She was a finalist for the Campbell Award for Best New Writer (now the Astound­ing Award) in 1999, and received the Canadian SF and Fantasy Association Hall of Fame Trophy in 2022. She lives in a small town near Ottawa with her partner.

Excerpt from the interview:


“It’s been a long stretch – 25 years. A lot of words. Part of what I’ve learned is to trust myself. Every time Sheila would come back saying, ‘You didn’t do this,’ it was because I didn’t dare to do it, or I felt it was too passionate, or I felt it was too revealing or too silly. And every time she called me on something, I took that as a message to be braver, and to show more, and to put more of myself in the writing. That made my work better, and I began to have more trust in myself and what I was doing and how I did things. It doesn’t mean I don’t still kind of go ‘Whomp!’ every once in a while and say, ‘How is this ever going to happen? How is this going to work?’ But writing is still fun, and I’ve got to the point now where I know it’s going to be a bit of a grind in the first third. You learn that pretty early, and then you know it’s going to feel a little bit floppy in the middle third, and then the last third is going to be the best stuff ever, and after that you have to make everything else fit. That’s how I write. I just muddle through, and suddenly hit that steamroller, and that’s the gratification. I love revising anyway, so I don’t care – I like to fix things, after all. I’ve got confidence now that I can do it.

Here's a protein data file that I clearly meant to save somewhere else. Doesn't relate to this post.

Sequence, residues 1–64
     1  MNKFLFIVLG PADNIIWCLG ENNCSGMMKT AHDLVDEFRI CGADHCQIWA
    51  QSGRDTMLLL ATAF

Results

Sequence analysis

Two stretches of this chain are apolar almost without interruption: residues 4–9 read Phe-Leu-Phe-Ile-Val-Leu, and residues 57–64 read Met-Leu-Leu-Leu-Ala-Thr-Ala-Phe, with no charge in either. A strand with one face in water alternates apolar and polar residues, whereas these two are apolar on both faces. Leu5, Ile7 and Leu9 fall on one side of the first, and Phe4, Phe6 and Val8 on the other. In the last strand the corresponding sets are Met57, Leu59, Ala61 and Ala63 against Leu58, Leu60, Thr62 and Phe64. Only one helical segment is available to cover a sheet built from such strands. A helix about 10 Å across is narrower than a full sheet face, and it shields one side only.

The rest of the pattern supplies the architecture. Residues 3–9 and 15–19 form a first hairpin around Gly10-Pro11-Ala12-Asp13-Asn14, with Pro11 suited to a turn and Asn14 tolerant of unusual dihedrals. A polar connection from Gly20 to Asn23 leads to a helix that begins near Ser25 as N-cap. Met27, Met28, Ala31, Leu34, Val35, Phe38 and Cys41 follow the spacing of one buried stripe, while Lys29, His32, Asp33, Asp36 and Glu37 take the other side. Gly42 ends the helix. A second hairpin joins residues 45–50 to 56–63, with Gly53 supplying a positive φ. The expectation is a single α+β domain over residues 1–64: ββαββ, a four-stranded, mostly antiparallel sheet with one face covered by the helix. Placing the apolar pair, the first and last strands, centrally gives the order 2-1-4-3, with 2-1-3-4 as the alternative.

“I didn’t start that way. I had no idea that anyone else read what I read or liked what I liked. I was suddenly putting words in other people’s heads, and didn’t know if it would work. When Sheila bought A Thousand Words for Stranger, the changes were very minimal, the editor was really happy. I hadn’t pronounced any of my names out loud, and Sheila laughed hilariously when she tried to do it herself and said, ‘You’ve got to change all of these names.’ She was absolutely right. By the second book, I thought, ‘Well, my wonderful shape-shifting blue blob is funny.’ I wanted that humor in there, but I hadn’t read much humor in science fic­tion. A lot of what I write is because I haven’t read it, and I thought, ‘Oh, I’m going to put this in, I’m going to have her drop down the chimney, hit a fan, and go bleep!’ I thought, ‘Can I get away with that?’ So, I wrote it, and I just waited. Sheila didn’t say a word about that, so in the next book, of course, I did even more humor. Some of it I learn by what she lets me do. But then, she caught me in In the Company of Others, because I did that thing where you go, ‘Six days later,’ and Sheila said, ‘What happened in the six days?’ I said, ‘It’s a long book,’ and she said, ‘Give me what’s happening in those six days.’ I said, ‘Oh, fine.’ We have great conversations. I said, ‘Oh, I can’t imagine that time was interesting,’ but then I thought, ‘No, actually, so much would happen – they’re on this very cool research ship that’s got these little bubbles and things happening, and there’s a really big situation brewing and people will actually talk to each other…. Okay, fine, they can talk to each other.’ It actually worked out very well. Now I have a little note to myself: ‘Is this a six days later moment? Are you doing that again? Sheila will catch you.’ I haven’t done it again.